Fallen Leaves reached a high of #53 on the Top 100 Free Ebooks on Amazon.com. Pretty darn good for a short story! It also garnered a glowing 4 star review!
But my other short story, Listen to the Rain, didn't fair so well. It started off well, with downloads pretty closely matching those of Fallen Leaves, and even reached the #100 spot on the Top Free Ebooks list. But then the 1 and 2 star reviews started showing up:
"There's no ending! It just stops with no resolution."
"The author leaves you hanging. Lame. Just lame. Thanks so much for robbing me of 10 mins of my life."
"The ending is 'meh' at best with absolutely no attempt at conclusion or catharsis."
And from there, things went south. The downloads basically ground to a halt and story started sinking into obscurity. In the two days following the free promotion, the story sold exactly 5 copies. (While Fallen Leaves had nearly triple the sales.)
At first, I couldn't figure out where I'd gone wrong. This, after all, was a short story my critique group loved and had even gone on to be published in a literary magazine!
Then a few romance writers clued me in: they thought my story was a romance!
Anyone who knows anything about romances knows the first rule of romance is there MUST be a happily-ever-after ending. Listen to the Rain has much grittier ending. It's also fairly ambiguous. I left it up to the reader to decide where the story goes from there. In other words, it has a literary ending.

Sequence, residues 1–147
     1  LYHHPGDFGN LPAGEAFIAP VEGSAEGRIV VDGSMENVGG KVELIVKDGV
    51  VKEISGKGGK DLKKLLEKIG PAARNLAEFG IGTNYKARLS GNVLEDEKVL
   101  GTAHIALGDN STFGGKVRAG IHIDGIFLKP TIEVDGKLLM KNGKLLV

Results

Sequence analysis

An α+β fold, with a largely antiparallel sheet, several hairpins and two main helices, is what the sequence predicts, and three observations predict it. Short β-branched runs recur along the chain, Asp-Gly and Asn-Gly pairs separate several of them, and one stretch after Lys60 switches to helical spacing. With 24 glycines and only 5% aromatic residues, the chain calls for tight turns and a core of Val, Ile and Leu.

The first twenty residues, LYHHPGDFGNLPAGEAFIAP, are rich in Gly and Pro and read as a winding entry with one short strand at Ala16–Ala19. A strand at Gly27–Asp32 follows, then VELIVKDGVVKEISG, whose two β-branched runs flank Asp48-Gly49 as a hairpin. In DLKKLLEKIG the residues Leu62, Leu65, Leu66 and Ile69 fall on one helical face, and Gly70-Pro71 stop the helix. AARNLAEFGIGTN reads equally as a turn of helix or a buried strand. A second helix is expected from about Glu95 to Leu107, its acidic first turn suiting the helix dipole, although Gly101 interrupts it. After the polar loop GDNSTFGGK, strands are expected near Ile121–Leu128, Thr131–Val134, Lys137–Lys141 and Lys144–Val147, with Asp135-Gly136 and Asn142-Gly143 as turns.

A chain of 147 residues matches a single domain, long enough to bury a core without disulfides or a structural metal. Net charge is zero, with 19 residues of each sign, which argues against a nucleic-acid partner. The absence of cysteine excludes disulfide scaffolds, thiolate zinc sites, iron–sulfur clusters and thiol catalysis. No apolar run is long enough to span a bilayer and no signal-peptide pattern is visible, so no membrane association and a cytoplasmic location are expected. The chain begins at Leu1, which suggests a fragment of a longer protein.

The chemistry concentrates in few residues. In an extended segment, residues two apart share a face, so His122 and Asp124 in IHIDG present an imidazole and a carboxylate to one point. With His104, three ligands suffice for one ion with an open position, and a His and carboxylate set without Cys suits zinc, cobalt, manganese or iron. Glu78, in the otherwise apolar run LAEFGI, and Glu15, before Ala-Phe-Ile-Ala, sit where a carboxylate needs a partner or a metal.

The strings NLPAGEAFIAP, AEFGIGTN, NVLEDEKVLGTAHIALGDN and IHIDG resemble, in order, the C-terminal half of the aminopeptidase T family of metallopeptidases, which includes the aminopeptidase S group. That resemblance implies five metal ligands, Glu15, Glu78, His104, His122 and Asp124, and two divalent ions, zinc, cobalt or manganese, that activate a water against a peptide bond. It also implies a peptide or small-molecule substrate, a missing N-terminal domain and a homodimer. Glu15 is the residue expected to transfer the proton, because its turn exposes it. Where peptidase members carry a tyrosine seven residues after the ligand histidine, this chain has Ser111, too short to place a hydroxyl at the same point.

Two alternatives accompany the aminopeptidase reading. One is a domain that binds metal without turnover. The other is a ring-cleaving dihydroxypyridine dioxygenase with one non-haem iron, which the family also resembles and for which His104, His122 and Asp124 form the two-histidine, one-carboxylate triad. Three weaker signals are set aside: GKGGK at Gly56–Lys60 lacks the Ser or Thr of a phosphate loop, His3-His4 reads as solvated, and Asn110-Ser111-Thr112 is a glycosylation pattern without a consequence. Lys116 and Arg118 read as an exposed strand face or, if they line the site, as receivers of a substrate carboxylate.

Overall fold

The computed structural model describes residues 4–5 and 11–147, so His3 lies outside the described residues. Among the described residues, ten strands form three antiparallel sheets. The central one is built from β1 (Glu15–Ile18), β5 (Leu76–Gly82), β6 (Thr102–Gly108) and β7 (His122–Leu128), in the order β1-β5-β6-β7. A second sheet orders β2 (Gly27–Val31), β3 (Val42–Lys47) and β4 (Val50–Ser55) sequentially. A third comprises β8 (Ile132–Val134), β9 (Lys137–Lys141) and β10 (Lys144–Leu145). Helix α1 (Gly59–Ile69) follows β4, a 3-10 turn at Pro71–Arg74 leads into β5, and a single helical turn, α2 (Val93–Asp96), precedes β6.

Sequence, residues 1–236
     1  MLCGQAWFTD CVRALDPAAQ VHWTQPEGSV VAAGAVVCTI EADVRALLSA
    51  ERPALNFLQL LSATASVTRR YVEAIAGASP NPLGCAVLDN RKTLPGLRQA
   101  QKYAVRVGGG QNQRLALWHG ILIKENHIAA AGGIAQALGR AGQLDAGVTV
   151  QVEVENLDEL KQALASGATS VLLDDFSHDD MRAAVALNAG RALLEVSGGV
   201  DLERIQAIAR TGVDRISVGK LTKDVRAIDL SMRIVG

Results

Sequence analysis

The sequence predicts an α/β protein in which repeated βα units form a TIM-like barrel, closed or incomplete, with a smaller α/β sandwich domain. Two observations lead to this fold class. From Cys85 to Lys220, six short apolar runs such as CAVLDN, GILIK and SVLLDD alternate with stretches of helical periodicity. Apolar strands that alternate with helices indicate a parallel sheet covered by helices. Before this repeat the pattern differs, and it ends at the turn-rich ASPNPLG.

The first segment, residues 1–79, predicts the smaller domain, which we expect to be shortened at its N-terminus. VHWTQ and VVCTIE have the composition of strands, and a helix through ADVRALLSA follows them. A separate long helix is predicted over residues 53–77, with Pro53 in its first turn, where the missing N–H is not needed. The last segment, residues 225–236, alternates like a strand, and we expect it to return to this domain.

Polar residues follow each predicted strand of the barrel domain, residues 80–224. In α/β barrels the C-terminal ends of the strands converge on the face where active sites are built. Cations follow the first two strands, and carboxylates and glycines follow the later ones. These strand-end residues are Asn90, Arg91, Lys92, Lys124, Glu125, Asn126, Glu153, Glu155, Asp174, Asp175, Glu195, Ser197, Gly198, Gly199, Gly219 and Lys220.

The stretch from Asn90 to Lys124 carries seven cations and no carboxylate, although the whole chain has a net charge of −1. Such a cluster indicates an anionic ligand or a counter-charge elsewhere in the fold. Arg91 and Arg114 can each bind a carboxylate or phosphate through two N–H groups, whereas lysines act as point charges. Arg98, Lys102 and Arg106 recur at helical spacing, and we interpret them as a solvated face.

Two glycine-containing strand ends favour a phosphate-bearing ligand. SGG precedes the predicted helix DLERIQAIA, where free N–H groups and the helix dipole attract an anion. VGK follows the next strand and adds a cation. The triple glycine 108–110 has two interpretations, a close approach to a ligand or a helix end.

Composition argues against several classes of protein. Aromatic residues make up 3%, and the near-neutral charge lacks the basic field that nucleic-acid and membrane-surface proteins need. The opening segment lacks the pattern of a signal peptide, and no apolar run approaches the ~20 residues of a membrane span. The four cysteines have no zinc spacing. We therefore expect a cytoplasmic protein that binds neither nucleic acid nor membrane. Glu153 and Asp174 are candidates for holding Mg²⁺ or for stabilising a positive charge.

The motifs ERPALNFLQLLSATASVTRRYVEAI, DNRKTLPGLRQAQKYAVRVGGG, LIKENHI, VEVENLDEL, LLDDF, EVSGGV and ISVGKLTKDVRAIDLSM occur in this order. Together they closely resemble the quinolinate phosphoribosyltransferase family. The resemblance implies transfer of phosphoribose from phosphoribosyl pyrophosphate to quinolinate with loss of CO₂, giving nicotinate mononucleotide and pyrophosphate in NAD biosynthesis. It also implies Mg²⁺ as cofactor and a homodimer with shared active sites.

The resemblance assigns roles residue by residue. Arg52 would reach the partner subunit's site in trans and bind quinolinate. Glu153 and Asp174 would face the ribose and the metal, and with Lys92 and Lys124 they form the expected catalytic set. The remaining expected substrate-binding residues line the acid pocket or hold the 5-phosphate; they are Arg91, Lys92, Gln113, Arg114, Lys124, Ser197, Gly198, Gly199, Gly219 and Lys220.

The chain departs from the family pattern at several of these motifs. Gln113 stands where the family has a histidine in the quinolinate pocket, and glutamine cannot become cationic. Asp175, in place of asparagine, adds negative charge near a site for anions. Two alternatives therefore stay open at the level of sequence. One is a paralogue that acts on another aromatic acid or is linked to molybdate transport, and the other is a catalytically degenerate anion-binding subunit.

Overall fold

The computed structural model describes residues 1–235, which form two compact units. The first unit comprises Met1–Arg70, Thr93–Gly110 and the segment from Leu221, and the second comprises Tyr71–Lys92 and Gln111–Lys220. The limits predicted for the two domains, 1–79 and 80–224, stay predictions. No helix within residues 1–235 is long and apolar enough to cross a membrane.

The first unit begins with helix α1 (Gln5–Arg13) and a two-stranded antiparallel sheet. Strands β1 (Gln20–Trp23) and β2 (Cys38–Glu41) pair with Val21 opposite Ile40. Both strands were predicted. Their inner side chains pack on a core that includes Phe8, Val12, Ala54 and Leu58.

So how the heck did my literary story end up being marketed to romance readers? I certainly didn't categorize it as a romance. I chose the sub-categories Short Stories and Contemporary Women's Fiction. My search tags include terms like "bittersweet," "coming-of-age," and "responsibility."
So what happened?
Well, first, I chose the wrong cover:
I thought the moody blue-grey with the heart drawn into the raindrops would give the story the appropriately melancholy tone, but the reality is most people equate hearts with romance.
And second, my description backed up that idea:
All Jeremy Owen and his eight-months-pregnant girlfriend, Maya, seem to do is fight. With the baby on the way, Jer's doing the best he can, but it never seems to be enough. Then one night, after a bad argument, Maya packs her bags and storms out. Now Jer has to decide if he wants out too or if he wants her back.
So, over the weekend, I gave Listen to the Rain a marketing make-over.
It also now has a new categore: Literary Fiction.
Will this mean the story starts selling now (and getting better reviews)?
Only time will tell.